Tom Schmitz // Jul 23 2009
This post is about the nature of social media. The premise is simple. Your social media marketing needs a centralized location, a headquarters.
Notice I did not write that you should centralize your efforts. That would be too much like those classic cartoon scenes in which the characters disappear behind skinny trees. When you hang-out in one place and one place only, online no one will hear you.
Rather, I’m writing about one easy to find place on the web where anyone can catch-up on all your important information and find your company’s other online hangouts.
Let’s explore this together.
In real life–not that life on the Internet isn’t real–locations don’t define relationships. Sure, you may have met you best friend in school or your wife in church. You see some friends in some places more than others and it’s pretty hard to go bowling in a boat. But, you can get together pretty much wherever you want.
I bet that you and your friends have a regular hang-out. It might be the local Elks club or an Irish pub or even your garage. And while you see each other there most often, you go to dinners and movies and concerts with your friends too.
I’m also guessing that all your friends don’t hang out in the exact same places. They may all have your garage in common, but do all of your friends go to your favorite restaurant or your favorite theater with you? At the same time?
Finally, it’s likely you have different circles of friends. The circles overlap, but not all your friends are a part of every group you belong to.
The Internet is a lot like this. Some people Twitter. Others like Facebook or MySpace or LiveJournal. I know lots of folks who hang out in forums or just read blogs. While most people do more than one of these activities, few do them all. This is why it’s important to maintain a presence in lots of different places where your audience, niche or target market congregates.
To be seen, you cannot expect everyone to come to you; you must go to them.
Unfortunately, maintaining accounts on several different networks can easily become disjointed. You will have different conversations in different places. It’s only natural. Keeping it natural is an important principal of social media marketing. Trying to include every little thing everywhere is not natural; it will put people off. For example, if your company announces quarterly earnings it will undoubtedly publish a press release. However, you will not repeat that same press release in every social media space. Instead you might find different highlights applicable to different social media accounts. You will post about those highlights and include a link to your blog or press release.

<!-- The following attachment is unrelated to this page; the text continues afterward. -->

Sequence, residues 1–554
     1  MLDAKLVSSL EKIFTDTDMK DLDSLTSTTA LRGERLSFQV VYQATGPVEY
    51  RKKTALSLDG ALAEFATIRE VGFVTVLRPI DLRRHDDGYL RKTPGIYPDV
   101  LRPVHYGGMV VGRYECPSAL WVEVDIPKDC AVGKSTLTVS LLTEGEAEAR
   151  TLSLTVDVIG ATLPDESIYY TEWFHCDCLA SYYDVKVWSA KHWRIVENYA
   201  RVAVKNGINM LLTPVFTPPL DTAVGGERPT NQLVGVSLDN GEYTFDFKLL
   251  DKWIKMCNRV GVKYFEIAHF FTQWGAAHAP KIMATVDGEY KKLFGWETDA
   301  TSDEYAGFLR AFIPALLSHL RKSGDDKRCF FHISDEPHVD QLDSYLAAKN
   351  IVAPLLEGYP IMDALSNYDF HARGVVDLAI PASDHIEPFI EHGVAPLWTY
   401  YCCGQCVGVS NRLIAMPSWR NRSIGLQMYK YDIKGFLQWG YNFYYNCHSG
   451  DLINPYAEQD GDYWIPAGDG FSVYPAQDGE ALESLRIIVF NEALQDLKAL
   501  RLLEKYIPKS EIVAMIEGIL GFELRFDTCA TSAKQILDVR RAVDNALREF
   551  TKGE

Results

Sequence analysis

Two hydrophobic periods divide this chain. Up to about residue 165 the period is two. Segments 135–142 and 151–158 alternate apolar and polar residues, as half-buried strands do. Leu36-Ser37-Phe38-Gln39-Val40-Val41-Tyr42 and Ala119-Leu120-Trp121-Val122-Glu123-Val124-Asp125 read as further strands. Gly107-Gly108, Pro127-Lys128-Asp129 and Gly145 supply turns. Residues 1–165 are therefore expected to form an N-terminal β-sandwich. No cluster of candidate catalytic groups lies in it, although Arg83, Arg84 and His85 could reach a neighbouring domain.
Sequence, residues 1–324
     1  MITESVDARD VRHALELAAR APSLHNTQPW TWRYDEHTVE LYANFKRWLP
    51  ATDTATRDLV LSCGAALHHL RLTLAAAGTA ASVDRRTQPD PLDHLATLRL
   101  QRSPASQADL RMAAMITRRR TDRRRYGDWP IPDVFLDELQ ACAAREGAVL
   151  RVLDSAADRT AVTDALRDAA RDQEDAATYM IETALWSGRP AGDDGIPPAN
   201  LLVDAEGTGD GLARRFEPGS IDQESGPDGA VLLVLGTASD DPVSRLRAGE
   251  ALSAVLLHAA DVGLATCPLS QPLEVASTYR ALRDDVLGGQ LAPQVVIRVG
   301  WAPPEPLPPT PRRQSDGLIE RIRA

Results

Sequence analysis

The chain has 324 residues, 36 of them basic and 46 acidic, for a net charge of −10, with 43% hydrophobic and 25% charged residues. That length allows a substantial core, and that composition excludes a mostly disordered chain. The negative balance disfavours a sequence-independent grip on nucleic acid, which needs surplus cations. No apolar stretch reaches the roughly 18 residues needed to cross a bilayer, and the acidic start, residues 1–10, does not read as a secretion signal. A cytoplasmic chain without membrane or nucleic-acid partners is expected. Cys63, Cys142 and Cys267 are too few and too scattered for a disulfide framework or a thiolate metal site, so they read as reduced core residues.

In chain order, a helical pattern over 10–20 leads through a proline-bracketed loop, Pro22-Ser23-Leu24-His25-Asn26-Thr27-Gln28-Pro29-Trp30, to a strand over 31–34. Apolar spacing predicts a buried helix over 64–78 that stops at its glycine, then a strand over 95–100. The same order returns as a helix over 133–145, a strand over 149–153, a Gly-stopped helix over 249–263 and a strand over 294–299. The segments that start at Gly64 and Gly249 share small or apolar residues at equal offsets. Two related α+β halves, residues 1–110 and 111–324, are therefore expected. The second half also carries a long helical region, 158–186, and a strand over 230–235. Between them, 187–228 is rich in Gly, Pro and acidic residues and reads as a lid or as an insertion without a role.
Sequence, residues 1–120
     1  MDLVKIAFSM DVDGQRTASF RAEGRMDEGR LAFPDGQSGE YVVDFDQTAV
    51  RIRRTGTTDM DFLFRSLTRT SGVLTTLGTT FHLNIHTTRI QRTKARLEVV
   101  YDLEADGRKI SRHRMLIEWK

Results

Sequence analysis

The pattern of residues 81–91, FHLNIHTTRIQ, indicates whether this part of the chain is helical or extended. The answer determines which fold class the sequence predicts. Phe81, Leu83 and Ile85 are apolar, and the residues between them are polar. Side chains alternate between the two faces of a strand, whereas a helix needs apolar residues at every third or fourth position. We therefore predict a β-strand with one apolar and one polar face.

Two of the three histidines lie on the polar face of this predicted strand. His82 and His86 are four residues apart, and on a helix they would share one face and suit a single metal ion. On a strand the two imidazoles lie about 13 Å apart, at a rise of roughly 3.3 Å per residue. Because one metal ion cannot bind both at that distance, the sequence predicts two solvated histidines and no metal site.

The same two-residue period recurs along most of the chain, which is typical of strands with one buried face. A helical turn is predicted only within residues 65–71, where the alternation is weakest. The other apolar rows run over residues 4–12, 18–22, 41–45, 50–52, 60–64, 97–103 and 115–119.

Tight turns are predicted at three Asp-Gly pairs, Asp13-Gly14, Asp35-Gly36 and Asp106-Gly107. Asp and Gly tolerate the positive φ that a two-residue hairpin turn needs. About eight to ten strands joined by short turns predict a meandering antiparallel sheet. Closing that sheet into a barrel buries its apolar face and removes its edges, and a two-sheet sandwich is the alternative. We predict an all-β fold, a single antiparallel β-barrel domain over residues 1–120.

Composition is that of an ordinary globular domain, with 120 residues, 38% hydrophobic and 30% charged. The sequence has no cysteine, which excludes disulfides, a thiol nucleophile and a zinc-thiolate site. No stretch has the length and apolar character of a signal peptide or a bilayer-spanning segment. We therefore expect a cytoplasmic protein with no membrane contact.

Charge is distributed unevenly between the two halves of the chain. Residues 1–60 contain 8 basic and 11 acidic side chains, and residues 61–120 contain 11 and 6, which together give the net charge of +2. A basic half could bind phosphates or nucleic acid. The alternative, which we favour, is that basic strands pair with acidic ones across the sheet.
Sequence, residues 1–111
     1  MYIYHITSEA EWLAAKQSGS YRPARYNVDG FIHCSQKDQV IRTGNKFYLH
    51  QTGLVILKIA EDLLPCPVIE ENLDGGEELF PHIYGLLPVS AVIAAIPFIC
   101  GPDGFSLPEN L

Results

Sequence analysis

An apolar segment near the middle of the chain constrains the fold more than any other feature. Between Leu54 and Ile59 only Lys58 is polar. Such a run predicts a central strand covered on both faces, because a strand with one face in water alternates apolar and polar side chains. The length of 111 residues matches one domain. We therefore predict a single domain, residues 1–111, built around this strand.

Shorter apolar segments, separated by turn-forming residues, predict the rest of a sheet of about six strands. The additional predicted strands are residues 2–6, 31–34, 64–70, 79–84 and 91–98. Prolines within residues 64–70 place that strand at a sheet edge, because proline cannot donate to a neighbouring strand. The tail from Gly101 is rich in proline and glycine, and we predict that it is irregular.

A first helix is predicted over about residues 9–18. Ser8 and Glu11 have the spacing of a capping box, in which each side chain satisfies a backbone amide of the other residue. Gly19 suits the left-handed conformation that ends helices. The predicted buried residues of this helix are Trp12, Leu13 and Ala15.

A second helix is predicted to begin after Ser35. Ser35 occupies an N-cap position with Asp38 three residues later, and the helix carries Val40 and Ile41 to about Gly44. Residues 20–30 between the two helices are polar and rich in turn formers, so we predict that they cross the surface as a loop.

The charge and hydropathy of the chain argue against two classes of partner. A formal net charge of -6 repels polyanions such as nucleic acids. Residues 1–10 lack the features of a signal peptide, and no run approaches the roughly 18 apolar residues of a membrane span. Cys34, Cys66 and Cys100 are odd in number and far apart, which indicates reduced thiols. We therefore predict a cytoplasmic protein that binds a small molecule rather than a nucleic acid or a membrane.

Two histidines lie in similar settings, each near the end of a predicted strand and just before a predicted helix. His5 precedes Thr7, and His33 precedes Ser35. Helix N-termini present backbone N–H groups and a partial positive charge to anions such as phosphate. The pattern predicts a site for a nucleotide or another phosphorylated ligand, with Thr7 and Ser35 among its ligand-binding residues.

Since I mentioned your blog, let’s bring this full circle. For most companies I believe that your blog is the perfect place to create you social media headquarters. Foremost, it’s a space that you have complete control over. You get to decide the look, the feel and the content. You can link to all of your social media accounts from the template. If something noteworthy comes-up on one of your social media spaces you can write about it on your blog and encourage readers to go take a look.
Unlike your media or press section, your blog can–and should–have a personality. You can be more casual and talk with people instead of making third-person announcements. On your blog you can show emotion. For example, if your earnings go up because your CFO found a few million dollars in cost savings, you can express your overwhelming joy and exuberantly tell people that you have the best CFO in the world. You can’t do that in a press release.
Here’s the check list:
And here’s the bonus suggestion. Use the press release section of your website to make announcements. Use your blog to write about what those announcements mean.